Tech Digest's wasted youth has paid off; we're now official holders of a Guinness World Record for playing Tetris! Myself (Gerald) and ShinyShiny editor Becca Caddy now hold the record for the "Highest score on Tetris (Nintendo, 1986) for a…
The Guinness World Record for the largest videogame controller on the planet has been broken! British electrical engineering student Ben Allen along with co-creators Stephen van 't Hof and Michel Verhulst put together a gigantic 12ft x 5ft 3 in x 1ft 8 in, 18 stone NES controller…
Second and final in our series of posts today about very big things is this Soviet K-7 bomber, which dates from 1930s, before jet propulsion. As you can see by the tiny little people in the bottom right, this thing is vast – 28 metres long and 53m wing-to-wing. It weighed 38 tonnes when loaded.
It carried 120 passengers within wings which were 2.3m thick. Melded from chrome-molybdenum steel, the design originally called for six engines, but when built, a seventh had to be added. It first flew in August 1933, but crashed that November, killing 15 people. Two more were ordered, but the project was cancelled before they could be delivered.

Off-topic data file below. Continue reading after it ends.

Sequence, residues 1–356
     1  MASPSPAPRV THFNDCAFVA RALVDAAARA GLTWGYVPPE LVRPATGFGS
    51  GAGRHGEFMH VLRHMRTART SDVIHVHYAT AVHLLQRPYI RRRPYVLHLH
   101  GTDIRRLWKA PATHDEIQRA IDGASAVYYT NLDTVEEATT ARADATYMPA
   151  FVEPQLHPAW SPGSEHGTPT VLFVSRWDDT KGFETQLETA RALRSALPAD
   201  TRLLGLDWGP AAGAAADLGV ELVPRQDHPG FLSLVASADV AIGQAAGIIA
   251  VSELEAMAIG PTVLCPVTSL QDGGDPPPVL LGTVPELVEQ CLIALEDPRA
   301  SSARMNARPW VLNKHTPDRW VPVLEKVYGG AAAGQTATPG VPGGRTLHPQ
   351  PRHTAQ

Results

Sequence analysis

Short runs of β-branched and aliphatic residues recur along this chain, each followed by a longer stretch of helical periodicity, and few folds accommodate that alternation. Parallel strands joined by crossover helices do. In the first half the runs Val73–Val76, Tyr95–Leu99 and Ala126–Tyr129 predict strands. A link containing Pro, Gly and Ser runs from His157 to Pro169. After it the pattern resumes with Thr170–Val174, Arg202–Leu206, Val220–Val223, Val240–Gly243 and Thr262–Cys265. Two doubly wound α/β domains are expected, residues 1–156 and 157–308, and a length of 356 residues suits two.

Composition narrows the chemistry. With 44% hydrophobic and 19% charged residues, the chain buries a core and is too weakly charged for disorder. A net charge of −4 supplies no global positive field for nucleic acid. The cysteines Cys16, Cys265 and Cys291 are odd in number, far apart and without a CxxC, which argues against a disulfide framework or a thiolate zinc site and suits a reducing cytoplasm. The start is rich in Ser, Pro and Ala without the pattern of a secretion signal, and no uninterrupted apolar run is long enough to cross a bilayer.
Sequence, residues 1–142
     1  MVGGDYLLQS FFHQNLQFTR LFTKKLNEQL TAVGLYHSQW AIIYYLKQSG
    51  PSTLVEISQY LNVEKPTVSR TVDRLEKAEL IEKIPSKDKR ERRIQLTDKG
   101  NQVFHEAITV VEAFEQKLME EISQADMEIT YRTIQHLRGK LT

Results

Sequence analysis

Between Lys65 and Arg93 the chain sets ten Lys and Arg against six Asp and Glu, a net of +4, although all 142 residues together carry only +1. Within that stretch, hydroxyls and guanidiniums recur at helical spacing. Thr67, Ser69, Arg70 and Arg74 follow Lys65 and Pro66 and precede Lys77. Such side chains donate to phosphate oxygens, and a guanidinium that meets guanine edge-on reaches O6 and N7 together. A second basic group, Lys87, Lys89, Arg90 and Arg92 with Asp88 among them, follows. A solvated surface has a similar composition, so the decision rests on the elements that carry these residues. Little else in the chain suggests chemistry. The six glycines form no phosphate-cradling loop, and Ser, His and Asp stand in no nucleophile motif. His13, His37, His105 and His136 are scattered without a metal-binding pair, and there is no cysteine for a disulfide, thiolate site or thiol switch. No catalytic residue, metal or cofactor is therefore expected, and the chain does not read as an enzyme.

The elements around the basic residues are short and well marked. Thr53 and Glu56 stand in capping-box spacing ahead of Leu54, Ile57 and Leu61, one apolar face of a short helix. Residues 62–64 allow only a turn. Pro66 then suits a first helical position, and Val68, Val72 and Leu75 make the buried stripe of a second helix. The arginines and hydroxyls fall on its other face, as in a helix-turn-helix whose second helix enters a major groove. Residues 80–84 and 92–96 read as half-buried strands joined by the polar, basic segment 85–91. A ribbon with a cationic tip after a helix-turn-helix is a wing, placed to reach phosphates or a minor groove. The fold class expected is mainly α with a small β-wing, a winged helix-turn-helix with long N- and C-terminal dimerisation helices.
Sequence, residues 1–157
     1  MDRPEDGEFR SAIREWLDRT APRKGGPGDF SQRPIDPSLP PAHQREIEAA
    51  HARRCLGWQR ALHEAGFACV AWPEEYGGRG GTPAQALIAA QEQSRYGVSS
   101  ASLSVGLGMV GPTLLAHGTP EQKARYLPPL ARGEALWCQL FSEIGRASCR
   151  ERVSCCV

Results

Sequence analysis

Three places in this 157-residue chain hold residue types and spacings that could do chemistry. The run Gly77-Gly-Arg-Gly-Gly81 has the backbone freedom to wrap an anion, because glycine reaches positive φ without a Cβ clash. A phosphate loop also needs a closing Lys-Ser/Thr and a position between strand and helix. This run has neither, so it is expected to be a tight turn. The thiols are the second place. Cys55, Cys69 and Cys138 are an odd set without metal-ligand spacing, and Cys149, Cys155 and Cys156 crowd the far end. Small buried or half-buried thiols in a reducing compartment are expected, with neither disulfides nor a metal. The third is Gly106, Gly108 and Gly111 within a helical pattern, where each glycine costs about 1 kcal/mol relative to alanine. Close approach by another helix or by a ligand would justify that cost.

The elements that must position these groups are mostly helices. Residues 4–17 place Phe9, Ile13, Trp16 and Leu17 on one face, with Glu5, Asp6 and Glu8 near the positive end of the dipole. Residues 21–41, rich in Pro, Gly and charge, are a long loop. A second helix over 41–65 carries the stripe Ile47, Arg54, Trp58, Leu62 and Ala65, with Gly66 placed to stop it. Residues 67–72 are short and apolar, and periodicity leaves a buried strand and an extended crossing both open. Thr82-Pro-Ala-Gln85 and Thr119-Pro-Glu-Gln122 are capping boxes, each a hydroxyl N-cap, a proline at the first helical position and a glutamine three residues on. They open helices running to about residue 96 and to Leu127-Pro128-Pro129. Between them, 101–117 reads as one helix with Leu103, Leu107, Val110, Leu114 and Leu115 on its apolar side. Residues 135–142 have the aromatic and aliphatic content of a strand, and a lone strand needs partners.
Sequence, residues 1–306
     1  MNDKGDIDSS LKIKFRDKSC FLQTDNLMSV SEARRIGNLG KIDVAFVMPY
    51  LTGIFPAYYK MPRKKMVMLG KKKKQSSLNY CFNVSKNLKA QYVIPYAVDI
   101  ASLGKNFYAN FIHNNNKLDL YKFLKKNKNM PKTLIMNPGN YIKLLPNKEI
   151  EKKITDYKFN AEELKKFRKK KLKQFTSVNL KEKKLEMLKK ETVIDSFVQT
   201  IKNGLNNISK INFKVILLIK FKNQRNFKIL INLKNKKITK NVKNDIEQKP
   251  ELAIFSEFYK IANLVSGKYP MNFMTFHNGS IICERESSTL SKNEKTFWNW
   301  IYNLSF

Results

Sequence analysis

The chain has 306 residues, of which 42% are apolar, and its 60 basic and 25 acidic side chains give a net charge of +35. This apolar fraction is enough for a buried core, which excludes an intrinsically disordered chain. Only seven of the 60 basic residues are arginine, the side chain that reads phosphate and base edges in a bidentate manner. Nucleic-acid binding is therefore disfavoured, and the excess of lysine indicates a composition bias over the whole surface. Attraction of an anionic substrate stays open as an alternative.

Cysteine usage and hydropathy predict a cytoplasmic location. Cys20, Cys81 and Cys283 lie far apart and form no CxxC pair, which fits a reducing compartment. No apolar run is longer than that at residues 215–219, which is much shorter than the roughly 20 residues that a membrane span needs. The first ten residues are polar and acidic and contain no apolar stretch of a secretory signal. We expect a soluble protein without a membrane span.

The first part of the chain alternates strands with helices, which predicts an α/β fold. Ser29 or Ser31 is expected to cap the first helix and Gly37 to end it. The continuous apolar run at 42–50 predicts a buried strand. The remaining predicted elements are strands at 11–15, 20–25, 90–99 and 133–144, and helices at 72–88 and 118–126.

If I’m honest there’s very little to say about this. It’s a massive remote control. It looks funny. That’s about it. Oh, how massive? 8.26″ wide x 11.69″ tall x 1.35″ thick. Each button is over an inch wide. For comparison, it’s about the same size as a stack of A4 office paper.
Check this out. It’s a printer. Only you’re very unlikely to be able to pick it up from PC World this weekend, primarily because you can’t pick it up and even if you could it wouldn’t fit in your car. It wouldn’t even fit in your dad’s mate’s van. Not even a long wheelbase.
The ImagePRESS C7000 is 33 feet long, but can do 70 pages a minute at 1200 dpi. It’s quite impractical, thinking about it, but there’s something strangely fascinating about printers this big. Look. It’s fantastic. It’s like a mini factory.